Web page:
A Montgomery County jury awarded four Harford County families approximately $100,000 each in punitive damages yesterday after finding a national homebuilding company had not disclosed that wells on their property were contaminated.
The amount awarded by the jury was significantly less than the $5 million the Fallston families' attorneys had requested for each client.
The families sued D.R. Horton, a Texas-based Fortune 500 company, for fraud, misrepresentation of facts, deceptive trade practices and breach of warranty.
D.R. Horton was aware of the water contamination on the Fallston property from environmental reports but did not disclose that information before selling the homes in a subdivision known as DelMar Farms, said the plaintiffs' attorneys.
Ted M. Flerlage, one of the plaintiffs' attorneys from Peter Angelos' law firm, told jurors yesterday that D.R. Horton's "conduct amounts to fraud. There should be some accountability here."
An environmental evaluation conducted before the homes were sold showed that five wells had traces of methyltertiary butyl ether -- a gasoline additive known as MTBE -- along with xylene and diesel fuel, according to the plaintiffs' attorneys. MTBE has been known to cause cancer in lab animals, although its health effects in low levels is unknown.
The report indicated the levels of MTBE were at 15.5 parts per billion. The Maryland Department of the Environment recommends more testing if the MTBE contamination level is over 10 parts per billion and treatment for wells that have 20 parts per billion and above.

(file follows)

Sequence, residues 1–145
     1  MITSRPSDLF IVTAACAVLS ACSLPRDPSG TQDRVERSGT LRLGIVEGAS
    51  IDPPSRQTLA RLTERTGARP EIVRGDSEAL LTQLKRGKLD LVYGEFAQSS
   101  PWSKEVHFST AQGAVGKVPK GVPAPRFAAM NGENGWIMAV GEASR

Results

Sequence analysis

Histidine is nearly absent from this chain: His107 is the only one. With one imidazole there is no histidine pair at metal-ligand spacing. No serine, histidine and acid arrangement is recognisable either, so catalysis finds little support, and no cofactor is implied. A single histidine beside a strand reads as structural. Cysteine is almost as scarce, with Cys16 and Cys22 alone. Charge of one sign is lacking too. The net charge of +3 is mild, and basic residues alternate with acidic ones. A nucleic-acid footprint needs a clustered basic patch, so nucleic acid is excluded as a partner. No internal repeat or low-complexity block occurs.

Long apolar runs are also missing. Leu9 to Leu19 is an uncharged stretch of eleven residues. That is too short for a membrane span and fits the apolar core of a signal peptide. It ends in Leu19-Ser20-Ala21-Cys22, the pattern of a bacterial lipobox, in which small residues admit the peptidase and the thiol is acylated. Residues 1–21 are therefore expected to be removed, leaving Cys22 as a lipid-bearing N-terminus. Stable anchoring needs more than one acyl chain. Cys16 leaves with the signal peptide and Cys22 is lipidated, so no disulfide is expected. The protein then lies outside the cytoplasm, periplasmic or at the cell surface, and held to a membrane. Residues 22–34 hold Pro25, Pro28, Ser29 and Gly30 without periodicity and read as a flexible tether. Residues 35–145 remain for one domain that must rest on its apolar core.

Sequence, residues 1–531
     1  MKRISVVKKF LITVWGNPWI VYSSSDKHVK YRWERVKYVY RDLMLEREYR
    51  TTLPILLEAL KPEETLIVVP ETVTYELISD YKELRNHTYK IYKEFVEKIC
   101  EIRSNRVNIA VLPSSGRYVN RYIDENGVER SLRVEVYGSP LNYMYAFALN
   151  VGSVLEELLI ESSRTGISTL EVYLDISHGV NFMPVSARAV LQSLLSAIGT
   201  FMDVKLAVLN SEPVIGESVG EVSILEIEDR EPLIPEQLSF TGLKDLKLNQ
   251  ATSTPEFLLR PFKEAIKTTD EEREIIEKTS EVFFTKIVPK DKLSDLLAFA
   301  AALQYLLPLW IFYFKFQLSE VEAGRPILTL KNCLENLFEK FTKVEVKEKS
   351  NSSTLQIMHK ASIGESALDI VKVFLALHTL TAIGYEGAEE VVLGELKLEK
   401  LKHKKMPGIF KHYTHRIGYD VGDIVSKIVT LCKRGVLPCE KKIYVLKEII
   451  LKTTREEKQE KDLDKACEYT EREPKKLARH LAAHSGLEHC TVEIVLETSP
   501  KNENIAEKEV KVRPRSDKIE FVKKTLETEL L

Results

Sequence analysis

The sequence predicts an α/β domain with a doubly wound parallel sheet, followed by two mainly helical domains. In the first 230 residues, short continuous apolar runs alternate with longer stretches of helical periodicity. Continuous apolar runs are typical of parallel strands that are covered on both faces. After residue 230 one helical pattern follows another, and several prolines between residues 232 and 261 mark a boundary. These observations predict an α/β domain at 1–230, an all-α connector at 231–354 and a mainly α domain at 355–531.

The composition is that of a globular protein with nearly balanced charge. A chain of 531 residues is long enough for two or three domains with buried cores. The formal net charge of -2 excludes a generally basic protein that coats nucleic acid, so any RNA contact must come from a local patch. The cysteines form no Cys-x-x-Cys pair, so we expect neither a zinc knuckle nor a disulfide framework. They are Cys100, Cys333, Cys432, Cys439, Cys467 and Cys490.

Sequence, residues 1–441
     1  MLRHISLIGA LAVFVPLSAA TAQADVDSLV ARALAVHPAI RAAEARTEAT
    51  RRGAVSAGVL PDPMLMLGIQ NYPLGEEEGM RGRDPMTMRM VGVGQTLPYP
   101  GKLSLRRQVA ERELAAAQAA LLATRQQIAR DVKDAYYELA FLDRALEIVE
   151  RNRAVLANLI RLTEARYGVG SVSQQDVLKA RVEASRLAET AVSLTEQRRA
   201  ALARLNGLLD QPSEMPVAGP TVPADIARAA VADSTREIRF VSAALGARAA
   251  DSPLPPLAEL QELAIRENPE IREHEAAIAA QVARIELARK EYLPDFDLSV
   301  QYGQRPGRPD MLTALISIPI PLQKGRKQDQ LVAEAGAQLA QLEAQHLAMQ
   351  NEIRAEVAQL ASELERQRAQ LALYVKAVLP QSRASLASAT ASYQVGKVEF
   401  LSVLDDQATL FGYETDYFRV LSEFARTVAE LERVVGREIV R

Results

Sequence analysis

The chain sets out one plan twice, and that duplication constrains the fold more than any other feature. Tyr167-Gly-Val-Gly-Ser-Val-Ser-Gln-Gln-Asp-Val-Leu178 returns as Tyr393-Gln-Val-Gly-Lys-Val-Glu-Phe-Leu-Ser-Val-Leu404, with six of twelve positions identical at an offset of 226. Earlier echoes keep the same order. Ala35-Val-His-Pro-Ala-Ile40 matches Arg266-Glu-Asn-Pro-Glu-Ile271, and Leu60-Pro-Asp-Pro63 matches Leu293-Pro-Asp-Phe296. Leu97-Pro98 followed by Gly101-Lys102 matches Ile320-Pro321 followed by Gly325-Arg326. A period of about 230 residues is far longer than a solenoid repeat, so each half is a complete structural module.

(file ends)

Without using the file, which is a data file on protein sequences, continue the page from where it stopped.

D.R. Horton installed carbon filtration systems in the homes, which are used to remove contamination, but did not tell the new owners, the plaintiffs' attorneys said.
"There was knowledge of the risk in the groundwater, and D.R. Horton elected not to disclose that fact," Flerlage said.
The plaintiffs' attorneys said yesterday that D.R. Horton is ranked 155th in the Fortune 500 companies, with a gross revenue of $15.1 billion and profits of $1.2 billion last year.
Mary McNamara-Koch, another of the plaintiffs' attorneys, told the jury that each of the eight clients should get $5 million to send a message that "when people invest their money, they should have all the information and no one can fraudulently withhold information."
But defense attorney Donald A. Cockrill said the jury had sent a serious message to the company after the three-week civil trial.
"D.R. Horton has learned a valuable lesson." Cockrill said in court. "Fraud is serious business for a publicly traded company."
He added, "No one was hurt. The damages are economic, not physical. Everyone got rewarded for the decreased value of their home."
The punitive damages, which were approximately $100,000 for each family, are in addition to the compensatory damages awarded by the jury Monday. Those damages ranged between $140,000 to $192,000 for each family.
"It's a disappointment," Dan Beauchemin, one of the plaintiffs, said yesterday. "That's not a deterrent. That's a cup of coffee for D.R. Horton."
Cockrill declined to comment after the jury announced the punitive awards.
In 2004, state authorities linked the source of the water contamination to a Fallston gas station.
That prompted a class-action lawsuit against Exxon Mobil Oil Corp. and the local station owner, John R. Hicks. That suit, filed in Harford County Circuit Court four years ago, is still pending.